Relationships of all kinds are important to develop, maintain, and constantly assess if they are positive and helping all people in the relationship thrive. Relationships include those with friends, family members, sexual partners, romantic partners, acquaintances, and many more. Creating healthy, positive relationships will help you to become a better partner yourself.
Creating a Culture of Consent
- an ongoing physical and emotional process between people who are willing, equally free of coercion, communicating unambiguously, and sincere in their desires.
- a mutual agreement to be fully present with one another throughout all interactions, to prioritize both yourself and your partners’ needs, and to understand that someone may choose to disengage from the experience at at any time.
- knowing and feeling―without a doubt―that the other person is excited to engage with you in whatever activities you agree upon, regardless of whether the experience is amazing or mediocre.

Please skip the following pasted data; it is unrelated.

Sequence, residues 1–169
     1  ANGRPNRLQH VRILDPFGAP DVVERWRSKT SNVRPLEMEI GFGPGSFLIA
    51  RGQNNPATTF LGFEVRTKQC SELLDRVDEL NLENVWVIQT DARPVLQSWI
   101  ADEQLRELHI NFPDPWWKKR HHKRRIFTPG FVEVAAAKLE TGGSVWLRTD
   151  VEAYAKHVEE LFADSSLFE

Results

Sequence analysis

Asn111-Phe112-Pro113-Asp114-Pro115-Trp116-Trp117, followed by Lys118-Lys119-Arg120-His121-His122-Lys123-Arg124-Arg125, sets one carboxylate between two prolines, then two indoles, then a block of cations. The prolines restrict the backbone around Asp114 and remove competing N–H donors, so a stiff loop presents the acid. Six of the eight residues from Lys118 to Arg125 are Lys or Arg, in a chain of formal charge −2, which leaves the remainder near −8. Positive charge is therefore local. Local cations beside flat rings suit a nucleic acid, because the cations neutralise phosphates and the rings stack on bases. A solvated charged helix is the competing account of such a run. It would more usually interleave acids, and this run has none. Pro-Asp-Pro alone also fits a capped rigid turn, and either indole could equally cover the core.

Creating a culture of consent is everyone's responsibility. We must ensure that people have the right to enjoy and engage with their academic, professional, and social spaces free from harassing language and harmful behavior.
What steps can you take to promote consent?
- Explore your likes and dislikes before you are in a sexual situation with someone else. This will help you understand your own boundaries and how you want to communicate those boundaries to others. How do you like to give and obtain consent? What does consent mean to you?
- Every person is different. Every person's likes and dislikes vary. Taking the time to get to know how someone varies demonstrates that you prioritize being present. Educate yourself on what consent looks like, how it is informed through cultural socialization and media representations of gender and sex. If you had to pick out a gift for this person's birthday, decide on a place for lunch, or recommend a film for them to watch, wouldn't you ask questions that would give you context? You'd want them to enjoy themselves. If asking questions feels like too much effort, you should not be engaging in anything with this person in the first place.
- Engage with other(s) only if you have taken the time to understand what consent means to you and your partner(s). When everyone comes to the table with different levels of information, this creates a power imbalance. Understand your power, and acknowledge your privilege in every situation. People come from very different backgrounds, with very different communication styles and very different views on what is attractive, sexy, and pleasurable. Leaving things "unsaid" is not sexy - it only invites confusion. If it ruins the moment to ask, the moment was probably not that great in the first place.